Learning the Ropes 2013

Are you new to private practice? Then I have just the ticket for you!

Attend our three day conference – Learning the Ropes: A Practical Skills & Ethics Workshop – for a mere $65.  Attendance at the full program satisfies the MCLE requirements for new admittees’ first reporting period.

Choose from these concurrent sessions:

  • Domestic Relations or Criminal Law
  • Tort Litigation or Estate Planning
  • Civil Motion Practice or Bankruptcy
  • Creating a Firm or Joining a Firm

Can’t decide?  All tracks are recorded for later viewing at no charge.

Plenary sessions include:

  • How to Develop a Successful Practice and Avoid Legal Malpractice
  • Client Communication and Other Practice Management Survival Tips
  • Alternative Dispute Resolution
  • The Ethics of Practice Management
  • Recognizing Child Abuse and Fulfilling Your Duty to Report
  • Negotiation Tips, Tricks, Traps, and Tools
  • Courtroom Do’s and Don’ts
  • Employment Law and Conscientious Communication
  • Bridging the Cultural Gap

Day 1 includes a “Meet the Judges” luncheon.  Day 2 features a networking luncheon with bar leaders and respected practitioners in the fields of Appeals, Criminal Law, Employment Law, Intellectual Property, Business Litigation, Debtor/Creditor Law, Estate Planning, Litigation, Business Transactions, Elder Law, Family Law, and Real Estate.

All meals, including the luncheons, are included in your $65 workshop fee.  The program is at the Oregon Convention Center November 6-8, 2013.  Register here or visit the PLF Web site > Upcoming Seminars (under the heading Loss Prevention – CLE).  Sign up early.  Space is limited!

Copyright 2013 Beverly Michaelis

Fourth Amendment Does Not Protect Third Party E-Mail

Excerpt from New York Court Scores Over Oregon In Recent Email Privacy Opinions by Jennifer Granick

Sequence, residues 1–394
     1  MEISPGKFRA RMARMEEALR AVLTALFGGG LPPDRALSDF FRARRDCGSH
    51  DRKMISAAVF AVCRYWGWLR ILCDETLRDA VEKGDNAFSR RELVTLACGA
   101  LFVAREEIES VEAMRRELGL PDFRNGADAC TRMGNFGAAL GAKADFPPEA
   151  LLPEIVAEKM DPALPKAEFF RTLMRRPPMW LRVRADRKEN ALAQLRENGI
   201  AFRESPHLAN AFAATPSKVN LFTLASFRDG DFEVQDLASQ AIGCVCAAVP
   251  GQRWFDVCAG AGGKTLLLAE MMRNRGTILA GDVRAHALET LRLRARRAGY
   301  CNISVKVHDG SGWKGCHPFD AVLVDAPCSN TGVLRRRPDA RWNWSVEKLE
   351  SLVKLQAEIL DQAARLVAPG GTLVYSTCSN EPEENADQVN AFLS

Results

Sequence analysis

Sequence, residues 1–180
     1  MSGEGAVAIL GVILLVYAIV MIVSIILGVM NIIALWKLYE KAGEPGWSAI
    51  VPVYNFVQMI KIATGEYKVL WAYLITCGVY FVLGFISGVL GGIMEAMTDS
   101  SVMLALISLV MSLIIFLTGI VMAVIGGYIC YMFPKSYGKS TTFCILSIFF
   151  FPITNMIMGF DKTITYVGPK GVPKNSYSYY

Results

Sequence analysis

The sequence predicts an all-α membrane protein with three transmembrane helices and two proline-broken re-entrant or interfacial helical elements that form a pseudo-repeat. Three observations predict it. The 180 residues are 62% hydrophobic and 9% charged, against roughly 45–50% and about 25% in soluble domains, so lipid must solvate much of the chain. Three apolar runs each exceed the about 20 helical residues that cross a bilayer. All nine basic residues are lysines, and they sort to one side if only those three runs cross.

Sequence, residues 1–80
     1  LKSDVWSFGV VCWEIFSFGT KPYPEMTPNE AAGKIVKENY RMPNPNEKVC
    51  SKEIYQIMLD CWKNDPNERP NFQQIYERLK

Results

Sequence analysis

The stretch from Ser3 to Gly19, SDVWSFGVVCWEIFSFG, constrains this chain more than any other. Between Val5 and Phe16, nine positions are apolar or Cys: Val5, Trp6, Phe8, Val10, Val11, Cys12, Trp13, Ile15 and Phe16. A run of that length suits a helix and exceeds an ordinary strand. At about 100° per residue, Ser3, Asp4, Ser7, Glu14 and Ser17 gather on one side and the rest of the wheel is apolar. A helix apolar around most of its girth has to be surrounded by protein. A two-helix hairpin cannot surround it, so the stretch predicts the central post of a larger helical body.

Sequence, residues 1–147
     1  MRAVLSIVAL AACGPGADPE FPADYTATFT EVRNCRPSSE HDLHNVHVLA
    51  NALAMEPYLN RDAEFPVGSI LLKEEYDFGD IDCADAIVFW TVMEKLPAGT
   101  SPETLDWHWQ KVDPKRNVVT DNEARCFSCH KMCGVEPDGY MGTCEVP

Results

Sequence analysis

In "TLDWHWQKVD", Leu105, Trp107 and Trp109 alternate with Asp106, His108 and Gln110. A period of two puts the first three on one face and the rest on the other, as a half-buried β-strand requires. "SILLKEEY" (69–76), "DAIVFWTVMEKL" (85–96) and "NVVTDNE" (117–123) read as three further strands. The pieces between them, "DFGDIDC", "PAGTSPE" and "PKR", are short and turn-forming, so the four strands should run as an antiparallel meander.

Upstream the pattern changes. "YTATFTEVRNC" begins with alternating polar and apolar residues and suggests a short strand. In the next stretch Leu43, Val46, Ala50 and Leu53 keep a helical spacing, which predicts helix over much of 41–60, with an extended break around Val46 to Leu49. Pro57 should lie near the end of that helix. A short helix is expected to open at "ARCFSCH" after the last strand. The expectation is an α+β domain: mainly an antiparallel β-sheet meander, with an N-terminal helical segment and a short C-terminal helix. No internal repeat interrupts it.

Last week, two new district court opinions took opposing views on the question of whether the Fourth Amendment protects stored email. One of the cases easily adopted the prevailing view that the Constitution protects electronic communications, while the other ignored existing U.S. Supreme Court and Ninth Circuit precedent to find consumers have no expectation of privacy in messages stored with third parties.

[In] the Oregon case, In re: United States, [the government successfully argued that you have no protectable Fourth Amendment rights in your email, at least in part because it is stored with third parties. Agents had applied for a warrant for email under the Stored Communications Act (“SCA”), but did not want to serve post-seizure notice of the return of the warrant on the account holders. After concluding that the SCA only required notice to the ISP, the court then asked whether the Fourth Amendment required notice on the account holder, or whether notice on the ISP was constitutionally adequate. While giving lip service to the idea that email is protected by the Fourth Amendment, the court nevertheless stated that a user has no protected expectation of privacy when she stores her messages with a third party. The court also pointed to email service privacy policies to assert that users are, or should be, aware that their personal information and the contents of their online communications are accessible to the ISP and its employees and thus can be shared with the government “in appropriate circumstances”.

Read the entire post, and Jennifer’s insightful analysis, here.